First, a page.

Galapagos Shark Zone
2: Tracking Ocean Giants

Classed as a species of marine megafauna, the whale shark is the world’s largest fish: the biggest recorded was a colossal 20 metres in length, weighing 42 tons! Yet surprisingly little is known about this gentle ocean traveller.

The whale shark

We are still to discover much about the mysterious lives of whale sharks – how far they travel, where they go to breed, give birth and how they spend the first few years of their lives. In 2016, they were re-classified from vulnerable to endangered on the IUCN Red List of Threatened Species, meaning that numbers have significantly declined.

The Galapagos Islands plays host to visiting whale sharks, usually between June and December, where they can be spotted around the northern islands. Unlike other parts of the world, where groups often consist of smaller males, the whale sharks visiting Galapagos are mostly large, mature females, many of whom are pregnant.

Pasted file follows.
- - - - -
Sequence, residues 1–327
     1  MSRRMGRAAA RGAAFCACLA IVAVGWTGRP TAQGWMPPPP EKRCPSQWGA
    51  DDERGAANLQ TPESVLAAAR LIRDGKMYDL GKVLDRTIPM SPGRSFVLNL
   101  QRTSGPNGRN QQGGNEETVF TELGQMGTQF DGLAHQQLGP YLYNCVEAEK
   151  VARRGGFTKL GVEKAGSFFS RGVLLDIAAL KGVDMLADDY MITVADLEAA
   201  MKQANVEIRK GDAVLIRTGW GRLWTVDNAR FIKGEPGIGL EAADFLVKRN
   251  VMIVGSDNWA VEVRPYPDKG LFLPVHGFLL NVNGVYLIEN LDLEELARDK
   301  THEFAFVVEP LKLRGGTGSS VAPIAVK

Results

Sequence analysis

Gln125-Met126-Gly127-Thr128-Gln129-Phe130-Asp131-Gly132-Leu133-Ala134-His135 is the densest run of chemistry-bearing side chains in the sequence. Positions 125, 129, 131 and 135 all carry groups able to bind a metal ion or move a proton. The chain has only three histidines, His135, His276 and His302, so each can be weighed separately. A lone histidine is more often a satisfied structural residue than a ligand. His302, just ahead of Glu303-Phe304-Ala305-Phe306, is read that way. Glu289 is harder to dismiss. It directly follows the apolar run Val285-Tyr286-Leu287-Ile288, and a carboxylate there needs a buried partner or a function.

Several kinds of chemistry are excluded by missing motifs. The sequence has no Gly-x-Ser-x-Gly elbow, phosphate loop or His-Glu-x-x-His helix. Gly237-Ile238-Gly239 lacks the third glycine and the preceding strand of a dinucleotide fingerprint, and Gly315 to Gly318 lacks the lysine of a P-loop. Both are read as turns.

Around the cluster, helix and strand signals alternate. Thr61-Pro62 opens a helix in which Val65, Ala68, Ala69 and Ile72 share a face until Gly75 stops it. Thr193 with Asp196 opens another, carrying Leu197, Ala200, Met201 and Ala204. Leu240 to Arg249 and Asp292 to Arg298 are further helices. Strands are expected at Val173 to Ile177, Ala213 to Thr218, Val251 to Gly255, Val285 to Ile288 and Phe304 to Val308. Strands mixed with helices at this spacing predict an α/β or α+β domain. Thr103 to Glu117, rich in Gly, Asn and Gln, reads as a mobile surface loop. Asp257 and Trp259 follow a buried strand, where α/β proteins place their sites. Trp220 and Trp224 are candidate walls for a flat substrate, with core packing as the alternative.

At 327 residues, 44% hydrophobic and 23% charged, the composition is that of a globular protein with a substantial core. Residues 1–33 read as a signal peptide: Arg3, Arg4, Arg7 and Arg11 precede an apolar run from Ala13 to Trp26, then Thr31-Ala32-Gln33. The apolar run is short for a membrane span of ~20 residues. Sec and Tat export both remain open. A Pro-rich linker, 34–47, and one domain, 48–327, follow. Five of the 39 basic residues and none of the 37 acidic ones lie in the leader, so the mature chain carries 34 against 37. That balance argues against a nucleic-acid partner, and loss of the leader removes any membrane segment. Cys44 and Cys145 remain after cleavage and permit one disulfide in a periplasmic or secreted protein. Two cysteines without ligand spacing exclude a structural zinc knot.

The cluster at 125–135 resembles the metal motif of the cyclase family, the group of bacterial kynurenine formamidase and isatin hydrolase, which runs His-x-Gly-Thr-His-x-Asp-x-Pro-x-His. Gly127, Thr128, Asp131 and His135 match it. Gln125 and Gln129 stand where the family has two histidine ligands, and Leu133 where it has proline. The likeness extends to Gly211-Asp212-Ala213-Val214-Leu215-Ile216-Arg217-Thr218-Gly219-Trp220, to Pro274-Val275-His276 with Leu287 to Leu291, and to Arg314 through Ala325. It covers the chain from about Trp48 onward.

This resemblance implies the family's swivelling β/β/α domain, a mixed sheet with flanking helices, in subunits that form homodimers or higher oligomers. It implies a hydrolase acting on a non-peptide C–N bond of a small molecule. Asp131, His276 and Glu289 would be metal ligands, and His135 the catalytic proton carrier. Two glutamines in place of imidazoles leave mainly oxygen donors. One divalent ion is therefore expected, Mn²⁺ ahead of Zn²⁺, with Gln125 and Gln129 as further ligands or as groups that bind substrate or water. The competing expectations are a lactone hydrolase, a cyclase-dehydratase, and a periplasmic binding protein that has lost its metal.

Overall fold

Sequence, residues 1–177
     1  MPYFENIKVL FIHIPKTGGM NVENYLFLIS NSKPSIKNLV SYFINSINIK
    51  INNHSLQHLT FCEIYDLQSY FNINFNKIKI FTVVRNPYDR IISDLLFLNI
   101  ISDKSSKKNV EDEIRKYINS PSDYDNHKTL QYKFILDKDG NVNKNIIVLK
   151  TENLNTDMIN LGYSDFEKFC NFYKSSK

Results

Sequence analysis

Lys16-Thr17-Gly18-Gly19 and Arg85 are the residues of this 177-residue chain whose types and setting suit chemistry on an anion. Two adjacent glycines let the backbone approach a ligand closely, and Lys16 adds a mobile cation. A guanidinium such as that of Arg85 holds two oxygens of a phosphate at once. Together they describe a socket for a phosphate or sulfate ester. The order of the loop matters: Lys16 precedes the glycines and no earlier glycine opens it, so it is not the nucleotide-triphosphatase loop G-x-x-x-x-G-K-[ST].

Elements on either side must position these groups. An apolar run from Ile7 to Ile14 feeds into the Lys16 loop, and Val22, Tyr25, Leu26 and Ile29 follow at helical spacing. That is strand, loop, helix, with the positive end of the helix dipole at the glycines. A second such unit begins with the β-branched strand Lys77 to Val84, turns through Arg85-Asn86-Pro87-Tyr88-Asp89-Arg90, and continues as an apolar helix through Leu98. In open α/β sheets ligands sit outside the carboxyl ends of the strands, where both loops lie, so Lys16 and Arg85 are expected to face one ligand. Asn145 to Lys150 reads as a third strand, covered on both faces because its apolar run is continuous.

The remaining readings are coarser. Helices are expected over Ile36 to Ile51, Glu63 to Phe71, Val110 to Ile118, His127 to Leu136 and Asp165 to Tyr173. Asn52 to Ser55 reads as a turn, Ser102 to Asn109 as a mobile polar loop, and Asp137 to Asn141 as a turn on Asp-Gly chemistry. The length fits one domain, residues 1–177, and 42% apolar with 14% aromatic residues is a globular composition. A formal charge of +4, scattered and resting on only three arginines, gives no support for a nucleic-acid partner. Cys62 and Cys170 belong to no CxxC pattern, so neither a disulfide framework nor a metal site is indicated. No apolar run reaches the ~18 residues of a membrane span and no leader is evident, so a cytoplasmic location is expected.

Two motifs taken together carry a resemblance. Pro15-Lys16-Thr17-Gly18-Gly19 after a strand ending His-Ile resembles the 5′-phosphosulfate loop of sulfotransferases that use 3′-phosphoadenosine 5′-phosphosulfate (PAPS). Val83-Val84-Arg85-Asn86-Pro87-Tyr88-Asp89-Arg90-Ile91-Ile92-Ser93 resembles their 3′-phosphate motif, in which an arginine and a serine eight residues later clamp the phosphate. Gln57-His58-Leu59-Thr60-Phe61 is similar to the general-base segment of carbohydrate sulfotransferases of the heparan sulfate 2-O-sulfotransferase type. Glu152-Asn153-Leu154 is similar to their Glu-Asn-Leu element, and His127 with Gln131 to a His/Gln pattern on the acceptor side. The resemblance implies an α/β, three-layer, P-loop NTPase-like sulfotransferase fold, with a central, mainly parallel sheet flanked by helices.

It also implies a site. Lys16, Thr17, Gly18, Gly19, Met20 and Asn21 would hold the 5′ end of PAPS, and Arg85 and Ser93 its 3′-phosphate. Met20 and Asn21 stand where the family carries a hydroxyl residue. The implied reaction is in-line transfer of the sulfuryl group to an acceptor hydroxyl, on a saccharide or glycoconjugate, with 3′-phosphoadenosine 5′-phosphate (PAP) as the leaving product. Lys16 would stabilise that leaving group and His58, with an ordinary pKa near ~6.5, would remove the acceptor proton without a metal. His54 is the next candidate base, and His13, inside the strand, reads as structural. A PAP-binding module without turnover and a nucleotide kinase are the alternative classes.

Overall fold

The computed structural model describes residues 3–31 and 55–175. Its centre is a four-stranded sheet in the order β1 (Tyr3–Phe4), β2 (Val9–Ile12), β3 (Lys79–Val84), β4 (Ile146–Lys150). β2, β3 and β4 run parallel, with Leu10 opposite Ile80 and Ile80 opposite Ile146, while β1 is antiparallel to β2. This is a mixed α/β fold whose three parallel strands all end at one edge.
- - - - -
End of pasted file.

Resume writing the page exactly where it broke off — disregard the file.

Offering an exciting opportunity to explore and improve our understanding of whale sharks, their migratory patterns, breeding patterns and behaviour, the Galapagos Whale Shark Project aims to improve our knowledge and understanding of these elusive fish. Discovering more about their enigmatic lives means we can help protect and conserve both them and their fragile environment. Read ‘The Great Whale Shark Mystery‘ from scientist and explorer Simon Pierce. What is it like to swim alongside the biggest fish on earth?

How to track an ocean traveller

Deep beneath the waves, scientists are exploring ways to learn more about the world’s largest species of fish.


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